How to be Debt free in one year (part 2)

Author : teriann

Teri Ann Renee Paisley, Gleaner Online Writer

‘Borrowing from Peter to pay Paul’, is a Jamaican expression that suggests a person is borrowing from one person to pay another person a debt that he owes. I personally know of many persons who pay off one debt only to incur another and so their cycle of debt never seems to end.

As a result of their incessant borrowing, their debt has risen to such an unmanageable level that they are confused about how they should tackle the problem.

In a previous post, I had outlined some avenues that could be followed in order to reduce debt in one year.

The most important fact about debt management is that you can not just hope that the debt will go away if you don’t address it directly. It’s a good idea to start by listing all your debts including how much you owe each organization.

Although the truth might sting as you calculate how much you owe, it surely beats wandering around in ignorance. There are so many tax dodgers who wait until they are issued with court summons before they take action to try and deal with any arrears they might have incurred over a period of time.

So don’t wait for those dreaded court summons!

It is much better and cheaper to go to the organizations you owe and make arrangements to pay a minimum monthly deposit to pay off your debt. I suggest going in person to make the arrangement as it helps to put a ‘face’ with the name on the account in arrears.

When you make an agreement to pay, it is important to follow through and not pretend that the debt has been forgiven.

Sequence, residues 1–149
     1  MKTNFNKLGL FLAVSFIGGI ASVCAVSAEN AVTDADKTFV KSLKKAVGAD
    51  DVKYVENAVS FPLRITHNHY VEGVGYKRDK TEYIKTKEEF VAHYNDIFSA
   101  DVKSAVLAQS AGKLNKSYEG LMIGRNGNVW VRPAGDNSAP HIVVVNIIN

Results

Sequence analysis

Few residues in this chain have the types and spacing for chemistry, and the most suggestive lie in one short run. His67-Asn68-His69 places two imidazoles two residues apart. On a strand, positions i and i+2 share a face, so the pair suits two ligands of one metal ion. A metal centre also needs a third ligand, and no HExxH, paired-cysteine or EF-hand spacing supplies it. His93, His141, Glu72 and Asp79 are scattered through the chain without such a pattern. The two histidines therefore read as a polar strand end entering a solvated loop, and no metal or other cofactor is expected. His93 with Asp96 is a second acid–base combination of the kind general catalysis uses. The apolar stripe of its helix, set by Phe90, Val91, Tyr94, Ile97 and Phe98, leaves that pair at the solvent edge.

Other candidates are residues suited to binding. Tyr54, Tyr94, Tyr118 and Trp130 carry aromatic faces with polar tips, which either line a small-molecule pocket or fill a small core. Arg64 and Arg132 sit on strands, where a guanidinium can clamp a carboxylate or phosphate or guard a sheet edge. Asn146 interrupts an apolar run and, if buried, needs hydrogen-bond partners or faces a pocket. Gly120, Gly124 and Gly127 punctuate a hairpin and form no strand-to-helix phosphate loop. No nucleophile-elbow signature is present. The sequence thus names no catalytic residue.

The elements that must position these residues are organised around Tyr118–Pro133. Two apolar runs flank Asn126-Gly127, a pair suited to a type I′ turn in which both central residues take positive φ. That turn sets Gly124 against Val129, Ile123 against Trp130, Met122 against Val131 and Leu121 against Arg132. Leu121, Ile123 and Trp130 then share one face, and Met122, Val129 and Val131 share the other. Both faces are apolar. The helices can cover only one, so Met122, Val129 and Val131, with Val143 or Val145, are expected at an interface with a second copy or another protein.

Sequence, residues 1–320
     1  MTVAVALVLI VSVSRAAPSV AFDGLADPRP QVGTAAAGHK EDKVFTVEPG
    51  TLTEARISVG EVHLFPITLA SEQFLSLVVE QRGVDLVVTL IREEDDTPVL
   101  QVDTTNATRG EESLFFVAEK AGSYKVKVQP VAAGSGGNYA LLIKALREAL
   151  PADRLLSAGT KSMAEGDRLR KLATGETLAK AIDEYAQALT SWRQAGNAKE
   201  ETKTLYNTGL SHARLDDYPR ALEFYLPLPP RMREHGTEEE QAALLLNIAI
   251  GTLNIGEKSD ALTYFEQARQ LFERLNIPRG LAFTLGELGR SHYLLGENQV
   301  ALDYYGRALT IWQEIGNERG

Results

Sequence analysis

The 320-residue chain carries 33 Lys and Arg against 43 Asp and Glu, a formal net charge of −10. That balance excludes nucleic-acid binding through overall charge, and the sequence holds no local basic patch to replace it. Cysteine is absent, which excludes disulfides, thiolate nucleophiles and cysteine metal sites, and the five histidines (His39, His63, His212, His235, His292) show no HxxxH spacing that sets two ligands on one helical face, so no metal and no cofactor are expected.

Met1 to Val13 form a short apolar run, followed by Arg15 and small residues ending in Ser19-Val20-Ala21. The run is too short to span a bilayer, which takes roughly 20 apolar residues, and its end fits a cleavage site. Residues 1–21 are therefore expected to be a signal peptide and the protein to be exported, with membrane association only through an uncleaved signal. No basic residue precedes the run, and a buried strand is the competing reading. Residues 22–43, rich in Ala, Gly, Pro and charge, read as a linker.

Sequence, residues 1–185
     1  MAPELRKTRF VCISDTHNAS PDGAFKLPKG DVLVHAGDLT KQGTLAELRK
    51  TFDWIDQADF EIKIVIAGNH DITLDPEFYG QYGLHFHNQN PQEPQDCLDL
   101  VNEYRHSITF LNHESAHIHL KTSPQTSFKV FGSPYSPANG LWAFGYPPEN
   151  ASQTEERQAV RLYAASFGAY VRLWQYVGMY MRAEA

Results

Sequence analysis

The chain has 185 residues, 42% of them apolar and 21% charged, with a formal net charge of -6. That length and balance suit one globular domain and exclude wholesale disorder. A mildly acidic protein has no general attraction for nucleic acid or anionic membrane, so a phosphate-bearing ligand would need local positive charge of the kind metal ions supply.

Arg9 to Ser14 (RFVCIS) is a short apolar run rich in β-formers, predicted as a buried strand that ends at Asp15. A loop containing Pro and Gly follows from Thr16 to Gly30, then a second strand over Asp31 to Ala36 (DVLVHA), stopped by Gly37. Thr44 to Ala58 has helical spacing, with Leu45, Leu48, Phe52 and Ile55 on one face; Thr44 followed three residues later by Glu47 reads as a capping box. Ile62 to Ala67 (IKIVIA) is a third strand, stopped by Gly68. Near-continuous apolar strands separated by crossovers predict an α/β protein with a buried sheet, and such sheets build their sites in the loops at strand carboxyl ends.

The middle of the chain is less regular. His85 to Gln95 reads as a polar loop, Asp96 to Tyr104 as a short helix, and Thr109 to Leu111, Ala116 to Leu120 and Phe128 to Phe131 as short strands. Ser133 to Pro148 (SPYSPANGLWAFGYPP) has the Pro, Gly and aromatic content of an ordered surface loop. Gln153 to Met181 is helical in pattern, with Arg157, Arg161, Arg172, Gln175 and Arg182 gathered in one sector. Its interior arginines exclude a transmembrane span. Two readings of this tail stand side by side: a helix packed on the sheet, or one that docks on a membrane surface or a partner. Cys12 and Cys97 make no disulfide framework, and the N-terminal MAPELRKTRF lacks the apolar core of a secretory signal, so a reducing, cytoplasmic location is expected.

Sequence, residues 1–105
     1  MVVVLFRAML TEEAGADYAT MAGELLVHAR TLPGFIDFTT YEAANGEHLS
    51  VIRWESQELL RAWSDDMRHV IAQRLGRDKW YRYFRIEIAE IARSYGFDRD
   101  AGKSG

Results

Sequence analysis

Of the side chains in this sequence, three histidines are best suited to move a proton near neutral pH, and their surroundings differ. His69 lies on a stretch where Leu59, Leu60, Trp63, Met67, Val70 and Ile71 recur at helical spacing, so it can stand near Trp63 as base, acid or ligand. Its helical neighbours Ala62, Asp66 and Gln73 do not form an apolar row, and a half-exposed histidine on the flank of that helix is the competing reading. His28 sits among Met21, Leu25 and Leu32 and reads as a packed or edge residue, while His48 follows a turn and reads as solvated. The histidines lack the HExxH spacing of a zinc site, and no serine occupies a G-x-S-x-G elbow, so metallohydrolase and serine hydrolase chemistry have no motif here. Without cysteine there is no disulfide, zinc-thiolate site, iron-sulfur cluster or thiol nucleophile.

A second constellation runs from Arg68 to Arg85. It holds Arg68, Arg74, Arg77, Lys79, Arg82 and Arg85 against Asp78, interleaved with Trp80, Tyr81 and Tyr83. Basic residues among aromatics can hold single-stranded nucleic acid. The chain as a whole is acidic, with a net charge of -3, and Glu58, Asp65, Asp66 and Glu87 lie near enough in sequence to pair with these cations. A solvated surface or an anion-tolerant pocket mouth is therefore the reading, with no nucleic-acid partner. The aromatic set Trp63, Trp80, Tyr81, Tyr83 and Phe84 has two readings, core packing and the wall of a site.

A number of delinquent taxpayers will often make arrangements then promptly break them, mistakenly thinking that since they had spoken to someone on the phone about the situation and made promises means that their case will not be treated with urgency.

The best piece of advice I ever received about debt management was, ‘Don’t spend more than you earn’.

Even if your credit card limit is $100,000, that does not mean you have to try and spend that amount each month especially if your salary is $60,000.

True, you may have qualified for the amount that was placed on the card but spending it in its entirety on a regular basis will deepen your debt.

Try to reduce your fixed expenses and use the difference saved each month to pay off your debt. Dropping channels from your cable plan for example or getting rid of it altogether will consistently save you money each month.

Eating home cooked meals and enjoying cheaper forms of entertainment will also increase your ability to save more money from your salary each month.

These measures call for some amount of sacrifice but it is essential that the debt cycle is disrupted. After a few months you should start seeing significant improvement in the amount of money you can save from your pay cheque each month.

Use those funds to pay lump sums especially on any loans that will incur high penalties.

If you follow these suggestions you will be debt free in a year!!

What’s your take on being debt free?

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